Ireland-Japan trade has shown impressive resilience despite the global challenges which all countries have faced in recent years. Two-way bilateral trade between Ireland and Japan in goods and services combined, reached €13.8 billion in 2019, and grew to almost €16 billion in 2020.
Some 60 Irish companies are represented in Japan and 150 or so export regularly to this country. Innovative Irish companies currently employ more than 2,000 Japanese people, mostly graduates, in Japan – mostly in Life Sciences and Financial Services/Fintech. Ireland’s Food and Drinks exports to Japan have also been performing strongly, and grew by 20% in 2021.
In addition, Japan is the largest source of foreign direct investment into Ireland from the Asia-Pacific region. Among our strongest sectors are financial services, ICT and life sciences. As the only English-speaking member of the European Union, of which we are stable, dependable and committed members; we expect that we will be an even more attractive destination for Japanese corporations going forward.
St. Patrick’s Day has been a cultural institution in Tokyo for decades. Bill Hersey covered St. Patrick’s Day as one of the key events on Tokyo’s social calendar for decades. What are your plans this year considering the ongoing safety restrictions due to Covid-19?
Unfortunately, many of the St. Patrick’s Day events in Japan which usually take place each year, have had to be either postponed or moved to online and virtual forms, for a second year in a row because of the Covid-19 pandemic. Nevertheless, Irish people and Japanese friends of Ireland from Sapporo to Kumamoto, will mark our national day with a series of St. Patrick’s Day-related events for everyone to enjoy. One of the highlights will be the St. Patrick’s Day parade in Yokohama on 12 March. In addition, many sites will again join the Tourism Ireland ‘Global Greening’ campaign, including beautiful Matsue Castle in Matsue City, Shimane, the iconic Ise Ohtorii in Ise City, Mie, Yokohama’s Cosmo Clock 21, Osaka’s popular Tempozan Ferris Wheel and Fukui Happiterrace, in Fukui, to name just a few.
This year, instead of holding a physical reception for the National Day, I will host a ‘Virtual St. Patrick’s Day Reception’on 17 March at 18:00 which can be seen throughout Japan. The event will feature a message from the Taoiseach (Prime Minister) of Ireland to the Irish community and Japanese friends of Ireland, and offer some inspiring cultural performances from Ireland and Japan*.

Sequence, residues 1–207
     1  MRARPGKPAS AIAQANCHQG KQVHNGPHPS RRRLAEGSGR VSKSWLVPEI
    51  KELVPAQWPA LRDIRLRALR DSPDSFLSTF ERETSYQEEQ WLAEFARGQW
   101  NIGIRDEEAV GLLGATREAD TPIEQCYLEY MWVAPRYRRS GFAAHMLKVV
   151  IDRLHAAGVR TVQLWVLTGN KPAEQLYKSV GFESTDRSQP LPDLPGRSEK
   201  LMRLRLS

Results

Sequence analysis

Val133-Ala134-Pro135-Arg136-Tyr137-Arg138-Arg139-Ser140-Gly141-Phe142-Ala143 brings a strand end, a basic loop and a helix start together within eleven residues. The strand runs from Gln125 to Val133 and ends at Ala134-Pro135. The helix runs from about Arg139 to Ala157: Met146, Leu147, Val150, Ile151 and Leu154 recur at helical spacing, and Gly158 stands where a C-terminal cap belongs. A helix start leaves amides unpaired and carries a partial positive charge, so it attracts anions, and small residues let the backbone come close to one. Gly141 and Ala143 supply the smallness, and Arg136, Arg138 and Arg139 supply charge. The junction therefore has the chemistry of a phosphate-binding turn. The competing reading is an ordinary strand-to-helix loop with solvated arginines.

Irish culture is famous worldwide. Its music, dance and literature have made a deep impression on Japan as well. Are there any other public events planned by the embassy?
Ireland has particularly strong cultural links with Japan in the areas of literature, music and dance. This year is the centenary year of the publication of James Joyce’s Ulysses, and we will be collaborating with the active and longstanding Joyce Society in Japan to mark the occasion around “Bloomsday”, 16 June.
One of Ireland’s four Nobel Prize winners for literature, Seamus Heaney, was a frequent visitor to Japan. He prized his interaction with Japan’s literature and great contemporary writers. This year we will be holding a ceremony to mark the inaugural Heaney Award for promoting literary ties between Ireland and Japan, together with the Japan chapter of the International Association for the Study of Irish Literature (IASIL Japan), the largest in the world – bigger even than that in Ireland itself.
Of course, we continue to cherish the extraordinary Irish bridge-builder, translator and author, Lafcadio Hearn, aka Koizumi Yakumo. We are proud of his legacy that brought the culture of pre-Meiji Japan to world readerships through the medium principally of the English language. He did so with a delicate and sympathetic pen.
In the field of music, in particular, that of Irish traditional music, ties with Japan are rich and among the most highly developed in the world. Comhaltas Ceóltóirí Éireann has in Japan one of its most dynamic and well-supported branches and continues to encourage and support the many exceptional exponents of Irish music in this country.
In dance, we continue to support the active interest in Japan in Irish dancing. One of the cultural performances which features in the virtual reception this year is of the Taka Hayashi Irish Dance Academy in Tokyo performing a routine from Lord of the Dance.
We thank Ambassador Kavanagh for this interview.
*Readers are invited to join a virtual St. Patrick’s Day reception which will be streamed on https://www.ireland.ie/japan from 6pm (JST) on 17 March.